According to Lou Ann Walker, "the first real efforts to educate deaf people began around 1550 when Pedro Ponce de León, a monk from Spain, taught deaf children in a monastery in San Salvador" (p.11). Seventy years later, Juan Pablo Bonet, a follower of Ponce de León, published the first book on the education of people who are deaf. In it he explained that he used a one-handed manual alphabet to build language. In 1700 Johann Ammons, a Swiss doctor, devised a method to teach speech and lipreading (now more accurately referred to as speechreading) to people who are deaf. In the mid-1700s, schools for deaf children were established in Scotland, Germany, and France. Teaching methods, according to Walker, focused, for the most part, on a combination of oralism–teaching students speech and speechreading–and manualism–teaching students a manual alphabet. Schools for the deaf did not reach the United States until 1817, when Thomas Hopkins Gallaudet, a divinity student, and Laurent Clerc, a deaf student of the National Institute of France, opened the American School for the Deaf (originally named the Connecticut Asylum for the Education and Instruction of Deaf and Dumb Persons) in Hartford, Connecticut. Many teachers trained at the American School, which focused on American Sign Language.
The controversy surrounding how to teach children with hearing impairment, sometimes referred to as the oralism-manualism debate, began centuries ago and continues into the twenty-first century. Opponents of oralism contend that denying children sign language is tantamount to denying them a language to communicate. However, children who can learn language orally are better prepared for a hearing world. Most educational programs at the turn of the twenty-first century involve a total communication approach–a blend of oral and manual techniques; however, some members of the deaf community contend that it is inadequate, and they prefer a bicultural-bilingual approach, whereby students learn about the history of deaf culture after learning American Sign Language and English. A controversial piece of this approach is the focus on American Sign Language–a true language that has evolved over generations but one that does not follow the same word order as spoken English. Proponents of American Sign Language contend that it is natural, fluent, and efficient, whereas signing English systems, which correspond with spoken English, are cumbersome and awkward. To date, however, few public schools use American Sign Language.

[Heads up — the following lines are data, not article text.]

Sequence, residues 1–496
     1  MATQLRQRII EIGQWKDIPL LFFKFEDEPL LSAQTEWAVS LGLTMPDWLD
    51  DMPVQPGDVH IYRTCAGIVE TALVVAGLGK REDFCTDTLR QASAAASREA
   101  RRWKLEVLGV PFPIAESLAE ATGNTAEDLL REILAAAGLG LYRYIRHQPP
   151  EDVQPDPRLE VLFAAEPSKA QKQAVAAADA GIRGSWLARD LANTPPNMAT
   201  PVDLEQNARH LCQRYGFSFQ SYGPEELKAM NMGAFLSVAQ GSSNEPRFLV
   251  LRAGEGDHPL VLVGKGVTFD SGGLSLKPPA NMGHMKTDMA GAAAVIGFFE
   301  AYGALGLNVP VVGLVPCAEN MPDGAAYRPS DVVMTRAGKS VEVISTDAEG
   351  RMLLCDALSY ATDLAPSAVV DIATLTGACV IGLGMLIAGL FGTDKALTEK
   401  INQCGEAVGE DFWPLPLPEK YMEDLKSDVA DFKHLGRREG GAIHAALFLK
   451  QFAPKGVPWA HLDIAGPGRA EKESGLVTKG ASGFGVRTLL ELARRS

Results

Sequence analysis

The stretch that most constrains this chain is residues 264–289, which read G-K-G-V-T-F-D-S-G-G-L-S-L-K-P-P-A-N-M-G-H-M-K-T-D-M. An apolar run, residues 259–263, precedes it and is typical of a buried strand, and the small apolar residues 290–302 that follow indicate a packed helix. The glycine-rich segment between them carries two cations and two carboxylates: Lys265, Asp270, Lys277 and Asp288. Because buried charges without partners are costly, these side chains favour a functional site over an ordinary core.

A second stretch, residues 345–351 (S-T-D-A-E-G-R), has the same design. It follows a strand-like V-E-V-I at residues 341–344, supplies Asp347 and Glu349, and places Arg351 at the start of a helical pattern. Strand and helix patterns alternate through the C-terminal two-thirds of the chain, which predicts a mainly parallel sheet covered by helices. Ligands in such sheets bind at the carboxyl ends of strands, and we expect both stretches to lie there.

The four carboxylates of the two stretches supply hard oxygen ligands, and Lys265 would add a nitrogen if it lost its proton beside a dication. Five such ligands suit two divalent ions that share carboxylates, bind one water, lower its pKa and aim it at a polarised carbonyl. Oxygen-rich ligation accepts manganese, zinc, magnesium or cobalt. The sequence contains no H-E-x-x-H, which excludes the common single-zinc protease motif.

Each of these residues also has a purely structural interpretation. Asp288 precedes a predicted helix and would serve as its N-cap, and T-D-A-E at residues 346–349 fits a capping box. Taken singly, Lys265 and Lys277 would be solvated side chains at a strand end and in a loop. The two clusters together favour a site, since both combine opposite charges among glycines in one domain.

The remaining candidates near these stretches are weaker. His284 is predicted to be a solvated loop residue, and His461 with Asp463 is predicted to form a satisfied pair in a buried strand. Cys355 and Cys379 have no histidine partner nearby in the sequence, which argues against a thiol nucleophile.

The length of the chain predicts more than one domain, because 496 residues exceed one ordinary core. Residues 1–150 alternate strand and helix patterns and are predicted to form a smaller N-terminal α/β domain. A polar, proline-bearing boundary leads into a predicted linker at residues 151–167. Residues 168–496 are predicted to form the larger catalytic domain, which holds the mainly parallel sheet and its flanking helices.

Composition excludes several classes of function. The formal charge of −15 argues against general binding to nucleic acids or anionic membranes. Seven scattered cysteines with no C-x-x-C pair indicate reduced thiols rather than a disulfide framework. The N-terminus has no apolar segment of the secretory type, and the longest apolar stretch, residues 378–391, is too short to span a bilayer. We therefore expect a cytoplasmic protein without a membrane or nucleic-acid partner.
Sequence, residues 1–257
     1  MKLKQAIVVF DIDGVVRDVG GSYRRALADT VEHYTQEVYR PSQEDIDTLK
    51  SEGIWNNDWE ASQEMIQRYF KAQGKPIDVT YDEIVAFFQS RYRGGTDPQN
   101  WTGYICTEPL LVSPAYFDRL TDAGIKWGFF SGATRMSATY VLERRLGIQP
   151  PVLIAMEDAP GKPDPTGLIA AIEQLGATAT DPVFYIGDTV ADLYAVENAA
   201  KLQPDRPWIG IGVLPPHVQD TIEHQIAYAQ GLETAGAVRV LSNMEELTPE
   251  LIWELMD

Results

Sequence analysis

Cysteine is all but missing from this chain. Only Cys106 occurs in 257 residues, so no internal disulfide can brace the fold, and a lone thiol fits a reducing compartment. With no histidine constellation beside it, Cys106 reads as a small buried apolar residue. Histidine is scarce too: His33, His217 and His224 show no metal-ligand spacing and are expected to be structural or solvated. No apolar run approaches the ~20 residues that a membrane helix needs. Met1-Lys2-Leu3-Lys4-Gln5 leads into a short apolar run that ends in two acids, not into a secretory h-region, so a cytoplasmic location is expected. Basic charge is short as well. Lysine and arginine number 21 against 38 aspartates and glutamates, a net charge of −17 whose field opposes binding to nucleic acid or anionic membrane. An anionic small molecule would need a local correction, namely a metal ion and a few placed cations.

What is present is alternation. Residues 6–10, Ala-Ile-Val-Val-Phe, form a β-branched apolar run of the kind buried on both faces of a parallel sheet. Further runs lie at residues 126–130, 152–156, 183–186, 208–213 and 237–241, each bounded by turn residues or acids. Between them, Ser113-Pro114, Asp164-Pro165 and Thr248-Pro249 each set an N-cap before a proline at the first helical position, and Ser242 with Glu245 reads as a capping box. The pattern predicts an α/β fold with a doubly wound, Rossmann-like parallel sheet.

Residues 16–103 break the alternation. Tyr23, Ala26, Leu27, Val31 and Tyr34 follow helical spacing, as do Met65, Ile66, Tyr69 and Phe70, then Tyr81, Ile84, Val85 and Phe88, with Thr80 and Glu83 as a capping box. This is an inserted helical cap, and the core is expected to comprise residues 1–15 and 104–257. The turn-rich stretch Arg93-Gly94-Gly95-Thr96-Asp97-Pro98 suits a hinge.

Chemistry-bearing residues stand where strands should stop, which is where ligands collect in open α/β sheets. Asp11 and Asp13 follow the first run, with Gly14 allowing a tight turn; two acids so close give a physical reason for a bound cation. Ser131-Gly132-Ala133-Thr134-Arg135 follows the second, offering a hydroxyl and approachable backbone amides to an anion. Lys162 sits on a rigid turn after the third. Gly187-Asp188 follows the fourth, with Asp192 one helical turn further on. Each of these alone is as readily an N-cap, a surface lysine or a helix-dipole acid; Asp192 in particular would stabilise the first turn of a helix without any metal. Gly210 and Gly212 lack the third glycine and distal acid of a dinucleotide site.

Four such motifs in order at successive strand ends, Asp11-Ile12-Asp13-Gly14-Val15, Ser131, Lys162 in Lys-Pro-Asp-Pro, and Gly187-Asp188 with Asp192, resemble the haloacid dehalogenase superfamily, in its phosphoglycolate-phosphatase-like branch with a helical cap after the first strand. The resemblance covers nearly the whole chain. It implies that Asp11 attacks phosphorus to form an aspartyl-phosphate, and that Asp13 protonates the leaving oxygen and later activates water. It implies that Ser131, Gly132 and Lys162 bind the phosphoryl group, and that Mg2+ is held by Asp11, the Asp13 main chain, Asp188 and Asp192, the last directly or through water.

Regardless of teaching method, students with hearing impairment experience difficulties acquiring the language of the hearing society. Educators pay very close attention to the age of onset of the hearing impairment and the degree of hearing loss because each is closely associated with the severity of language delay. The earlier the hearing loss occurs and the more severe the hearing loss, the more severe the language delay. For many years, professionals believed that deficiencies in language among individuals with hearing impairment were related to deficiencies in intellectual ability; this is not the case. Unfortunately, results of research indicate that students with hearing impairment are behind their hearing peers in terms of academic achievement. Reading is the academic area most affected, wherein students with hearing impairment experience only one-third the reading growth of their hearing peers. They also lag behind their peers in mathematics. According to 1999 figures from the National Center for Health Statistics, "approximately 1.3 percent of all school-age students, ages six to twenty-one, who received special education services during the 1996–1997 school year were served under the disability category of hearing impairment" (Schirmer, p. 20). It is important to note, however, that estimates of the number of children with hearing impairment can differ markedly depending, for example, on definitions used, populations under investigation, and accuracy of testing.
Students with hearing impairment receive services in a variety of settings, from the general education classroom to residential schools. Parents and many professionals have not embraced the current controversial trend toward policies of inclusion (i.e., placing students with disabilities in general education classrooms for most or all of the school day). They caution that the general education classrooms are not necessarily the most appropriate placement for students with hearing impairment. However, some students with hearing impairment experience academic and social success in general education settings. This indicates that the preservation of the continuum of placements, whereby placement decisions can be made on individual bases, is in the best interest of students with hearing impairment.
HALLAHAN, DANIEL P., and KAUFFMAN, JAMES M. 2000. Exceptional Learners: Introduction to Special Education, 8th edition. Boston: Allyn and Bacon.
SCHIRMER, BARBARA R. 2001. Psychological, Social, and Educational Dimensions of Deafness. Boston: Allyn and Bacon.
WALKER, LOU ANN. 1994. Hand, Heart, and Mind: The Story of the Education of America's Deaf People. New York: Dial Books.
ELIZABETH A. MARTINEZ
DANIEL P. HALLAHAN